I do thank the previous reviewer for pointing me in the direction of "Murmane [sic] and Willett's" book, which he suggests summarizes "plenty of rigorous statistical methods for making valid inferences from observational data." This is a big issue in finance and economics [e.g., unlike a chemist who can control temperature or a physicist who can control velocity, a finance professor cannot tell Apple to fire its CFO so we can see what the effect on share price is], and the most common way of trying to deal with it is with instrumental variables (IVs). However, while this approach is theoretically quite sound when the right IV is available, in practice it is typically difficult to find an appropriate IV. My own personal suspicion is that using an imperfect IV creates at least as many problems as it solves (indeed this is a research area I intend to pursue myself when time permits), but I look forward to reading Murnane and Willett's analysis of this issue.
OK, enough about the previous review, what about the book itself? The author is quite correct that, given the pressure to publish, many researchers will be inclined to look at different combinations to try to find statistically significant relations between variables of interest, and that this changes the statistical significance level when such a relation is found. We all see the results of this regularly. Last year eggs were bad for your health; this year they are good. Last month vitamin pills were good; this month they are bad. The traditional wisdom is that because protein is hard on the kidneys, feline renal problems should be treated with a low-protein diet, but there is a growing body of research (e.g., see Hodgkins' book Your Cat, a real bargain at the Kindle price of $8.89) suggesting that in the wild, a cat's diet is about 2/3 fat and 1/3 protein, and when we give them the low-protein diet characteristic of dry food we are actually causing renal (and other) problems, not solving them. Is coffee good or bad? It depends on whether you are reading today's newspaper, or yesterday's, or last week's. The list of such flip-flops is endless, and indeed the medical journals seem to be taking the lead in addressing this problem (e.g., Ioannidis' Why Most Published Findings are False, http://www.plosmedicine.org/article/info%3Adoi%2F10.1371%2Fjournal.pmed.0020124).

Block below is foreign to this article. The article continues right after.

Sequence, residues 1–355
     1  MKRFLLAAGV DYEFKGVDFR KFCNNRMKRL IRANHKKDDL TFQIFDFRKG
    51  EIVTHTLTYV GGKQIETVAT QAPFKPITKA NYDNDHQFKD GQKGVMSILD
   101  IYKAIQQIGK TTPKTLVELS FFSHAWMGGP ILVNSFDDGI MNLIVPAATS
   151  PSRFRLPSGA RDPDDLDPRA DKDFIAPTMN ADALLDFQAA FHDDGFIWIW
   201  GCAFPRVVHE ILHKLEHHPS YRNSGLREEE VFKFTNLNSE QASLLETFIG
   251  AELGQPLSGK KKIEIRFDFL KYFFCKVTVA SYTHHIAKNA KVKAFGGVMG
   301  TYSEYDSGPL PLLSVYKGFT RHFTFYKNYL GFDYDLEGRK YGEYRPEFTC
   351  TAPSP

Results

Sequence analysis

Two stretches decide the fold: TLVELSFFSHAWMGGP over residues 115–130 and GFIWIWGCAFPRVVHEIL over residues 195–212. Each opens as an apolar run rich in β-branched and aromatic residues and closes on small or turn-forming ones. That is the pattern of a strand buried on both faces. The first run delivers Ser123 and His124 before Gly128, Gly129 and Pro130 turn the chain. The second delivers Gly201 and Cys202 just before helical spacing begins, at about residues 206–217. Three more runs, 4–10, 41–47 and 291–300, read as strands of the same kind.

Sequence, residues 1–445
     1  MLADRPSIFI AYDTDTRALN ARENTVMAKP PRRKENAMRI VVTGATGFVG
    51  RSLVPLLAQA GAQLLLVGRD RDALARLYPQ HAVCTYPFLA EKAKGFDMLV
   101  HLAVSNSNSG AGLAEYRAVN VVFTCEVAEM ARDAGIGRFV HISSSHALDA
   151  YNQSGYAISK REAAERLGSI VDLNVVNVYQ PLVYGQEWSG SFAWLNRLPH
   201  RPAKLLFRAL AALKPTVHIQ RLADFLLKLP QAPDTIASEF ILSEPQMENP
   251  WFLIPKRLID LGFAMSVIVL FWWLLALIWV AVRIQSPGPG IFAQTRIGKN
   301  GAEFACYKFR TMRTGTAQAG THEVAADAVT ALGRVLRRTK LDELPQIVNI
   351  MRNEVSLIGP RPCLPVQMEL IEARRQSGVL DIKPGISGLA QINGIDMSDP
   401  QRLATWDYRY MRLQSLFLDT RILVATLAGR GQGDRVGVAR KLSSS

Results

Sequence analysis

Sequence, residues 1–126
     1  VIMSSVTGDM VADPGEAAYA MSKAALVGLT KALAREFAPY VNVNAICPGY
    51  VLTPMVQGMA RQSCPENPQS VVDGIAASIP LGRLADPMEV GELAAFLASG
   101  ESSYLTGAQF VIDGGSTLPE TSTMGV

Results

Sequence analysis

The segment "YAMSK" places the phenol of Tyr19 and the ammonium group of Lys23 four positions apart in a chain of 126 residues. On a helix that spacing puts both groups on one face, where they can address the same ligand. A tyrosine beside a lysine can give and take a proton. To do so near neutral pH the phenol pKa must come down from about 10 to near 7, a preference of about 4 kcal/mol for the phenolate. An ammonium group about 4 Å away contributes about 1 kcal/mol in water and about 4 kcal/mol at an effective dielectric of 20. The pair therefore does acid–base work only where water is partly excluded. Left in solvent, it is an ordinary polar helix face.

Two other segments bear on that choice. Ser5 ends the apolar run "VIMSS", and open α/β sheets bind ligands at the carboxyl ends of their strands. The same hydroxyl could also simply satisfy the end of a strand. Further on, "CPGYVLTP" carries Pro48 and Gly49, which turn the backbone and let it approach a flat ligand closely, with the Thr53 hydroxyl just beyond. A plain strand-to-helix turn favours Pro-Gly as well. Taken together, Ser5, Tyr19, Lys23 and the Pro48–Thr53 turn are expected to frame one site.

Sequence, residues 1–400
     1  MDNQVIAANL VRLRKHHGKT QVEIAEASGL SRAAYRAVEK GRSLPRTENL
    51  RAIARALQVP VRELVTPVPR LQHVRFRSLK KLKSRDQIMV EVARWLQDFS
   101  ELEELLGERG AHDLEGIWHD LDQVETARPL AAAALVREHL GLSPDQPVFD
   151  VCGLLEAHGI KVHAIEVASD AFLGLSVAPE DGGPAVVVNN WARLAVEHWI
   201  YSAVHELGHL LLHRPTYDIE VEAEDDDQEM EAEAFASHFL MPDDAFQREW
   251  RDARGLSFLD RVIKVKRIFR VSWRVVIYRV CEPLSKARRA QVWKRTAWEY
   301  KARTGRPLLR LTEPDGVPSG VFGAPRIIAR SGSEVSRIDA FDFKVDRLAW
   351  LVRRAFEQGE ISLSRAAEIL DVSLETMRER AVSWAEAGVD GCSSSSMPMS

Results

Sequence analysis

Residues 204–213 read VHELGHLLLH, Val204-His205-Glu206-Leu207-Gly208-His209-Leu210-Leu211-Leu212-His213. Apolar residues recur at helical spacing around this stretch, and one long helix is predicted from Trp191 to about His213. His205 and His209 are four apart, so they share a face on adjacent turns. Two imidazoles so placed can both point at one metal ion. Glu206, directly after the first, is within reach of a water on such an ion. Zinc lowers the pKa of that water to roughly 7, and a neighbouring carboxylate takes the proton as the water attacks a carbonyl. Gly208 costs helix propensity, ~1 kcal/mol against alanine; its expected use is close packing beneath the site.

Why are all these tests so inconsistent? Part of the reason is that many are based on observational data and, the IV method notwithstanding, it is difficult to determine cause and effect from observational data. Part of the reason is that sometimes researchers will keep looking until they find a statistically significant result that supports their hypothesis, and then use the same data to "confirm" that hypothesis. Sometimes there was a bias in the way the samples were selected. Sometimes the sample size is too small, or the data were grouped incorrectly, or the wrong data were excluded. If you want a better understanding of these issues, and to be better prepared to assess for yourself what you see in the media, I highly recommend this book.
Most recent customer reviews
It is a very enjoyable read - until it isn't, and for me that occurred about ⅔ of the...Read more